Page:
BC-AS--Asian News Digest, AS
BC-AS--Asian News Digest, AS
Jul. 28, 2014
PHILIPPINES-ABU SAYYAF ATTACK
MANILA, Philippines — Abu Sayyaf gunmen kill at least 17 villagers, including women and children, in a road attack as the civilians traveled in two vans to visit relatives and celebrate the end of the Muslim fasting month of Ramadan in the southern Philippines. The brazen attack on the civilians, one of the bloodiest by the Abu Sayyaf in recent years, also wounded about a dozen other villagers. SENT: 350 words.
BEIJING — China says it has set up alternative flight routes to minimize delays related to military exercises along its southeastern coast that start Tuesday. A Defense Ministry statement said the exercises were part of regularly scheduled drills aiming to improve the military's ability to operate under simulated war conditions. SENT: 130 words.
HAT YAI, Thailand (AP) — A 12-year-old girl was killed and seven people, including two other girls, were wounded in a roadside bomb attack near an army base in Thailand's insurgency-plagued south. Suspected insurgents detonated an improvised radio-controlled bomb near an army base in Pattani province's Sai Buri district, as a group of soldiers were finishing their guard duty at a mosque and returning to the base on Sunday night, police say. SENT: 190 words.
BEIJING — Hundreds of police use a crane to tear down the cross from atop a church in the eastern Chinese city of Wenzhou — known as "China's Jerusalem" for its high number of churches — amid a crackdown on church buildings in a coastal region where thousands of people are embracing Christianity. SENT: 330 words, will be updated. Story is included in longer piece below.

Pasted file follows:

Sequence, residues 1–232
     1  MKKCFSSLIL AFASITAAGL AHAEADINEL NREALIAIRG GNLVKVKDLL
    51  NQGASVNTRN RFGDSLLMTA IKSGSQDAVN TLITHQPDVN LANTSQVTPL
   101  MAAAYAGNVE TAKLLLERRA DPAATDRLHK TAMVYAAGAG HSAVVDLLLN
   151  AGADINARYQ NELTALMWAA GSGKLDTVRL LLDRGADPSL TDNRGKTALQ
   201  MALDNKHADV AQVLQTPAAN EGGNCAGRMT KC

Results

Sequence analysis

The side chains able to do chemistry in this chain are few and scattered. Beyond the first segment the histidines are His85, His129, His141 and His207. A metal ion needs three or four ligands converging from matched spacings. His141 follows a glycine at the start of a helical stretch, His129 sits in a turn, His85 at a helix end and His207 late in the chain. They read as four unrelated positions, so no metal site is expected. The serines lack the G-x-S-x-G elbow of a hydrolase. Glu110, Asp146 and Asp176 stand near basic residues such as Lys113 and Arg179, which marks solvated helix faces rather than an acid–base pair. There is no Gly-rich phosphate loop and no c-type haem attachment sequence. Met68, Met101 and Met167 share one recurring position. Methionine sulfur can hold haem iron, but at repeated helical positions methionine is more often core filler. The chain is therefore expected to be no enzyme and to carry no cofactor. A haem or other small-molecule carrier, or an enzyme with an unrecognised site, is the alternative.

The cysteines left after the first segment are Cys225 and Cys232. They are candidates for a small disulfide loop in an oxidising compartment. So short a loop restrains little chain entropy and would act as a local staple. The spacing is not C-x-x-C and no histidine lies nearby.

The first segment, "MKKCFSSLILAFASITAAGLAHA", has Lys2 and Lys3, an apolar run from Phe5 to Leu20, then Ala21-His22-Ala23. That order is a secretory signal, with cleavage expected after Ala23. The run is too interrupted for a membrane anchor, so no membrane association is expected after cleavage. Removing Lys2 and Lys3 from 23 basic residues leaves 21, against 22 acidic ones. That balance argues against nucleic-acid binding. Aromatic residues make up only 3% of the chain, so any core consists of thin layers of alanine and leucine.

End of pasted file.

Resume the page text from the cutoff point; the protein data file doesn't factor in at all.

— CHINA-TOPPLING CROSSES. WUXI VILLAGE, China — The battle started when a government-hired crew tore down the metal cross atop the one-room church in this village surrounded by rice paddies last month. The next day, a church member used his own welding torch to put it back. He was promptly detained and questioned for 10 hours. A week later, the crew came back to remove the cross. Once again, church members put it back up. Across Zhejiang province authorities have toppled or threatened to topple crosses at more than 130 Protestant churches. In a few cases, the government has even razed sanctuaries. Authorities say the church violate building codes, but experts and local church leaders believe there is a campaign to repress Christianity, which is growing so rapidly as to alarm the atheist Communist government. By Didi Tang. SENT: 1,500 words, photos. Story incorporates above spot story material.
BEIJING — Sohu.com Inc., operator of a popular Chinese Internet portal, says it lost $45 million in the latest quarter while revenue rose 18 percent to $400 million. The loss for the three months ended June 30 compared with a $69 million loss in the previous quarter and an operating profit of $64 million in the same period of 2013. SENT: 210 words.
JERUSALEM — Israel and Hamas lower the pace of the fighting in the three-week-old Gaza war as international efforts intensify to end the conflict that has already killed 1,030 Palestinians and 43 Israeli soldiers. The lull comes as the U.N. Security Council called for "an immediate and unconditional humanitarian cease-fire" in Gaza and President Barack Obama called Israeli Prime Minister Benjamin Netanyahu on Sunday to express concern over mounting Palestinian casualties. SENT: 130 words, will be updated.
MONROVIA, Liberia — One of Liberia's most high-profile doctors dies of Ebola and an American physician is being treated for the deadly virus, highlighting the risks facing health workers trying to combat an outbreak that has killed more than 670 people in West Africa — the largest ever recorded. A Ugandan doctor also has died. The American, 33-year-old Dr. Kent Brantly, who was in Liberia working for a North Carolina-based medical charity, was in stable condition, but "not out of the woods, a spokeswoman for the aid group says. By Jonathan Paye-Layleh. SENT: 544 words, photos. SENT: 750 words, photos.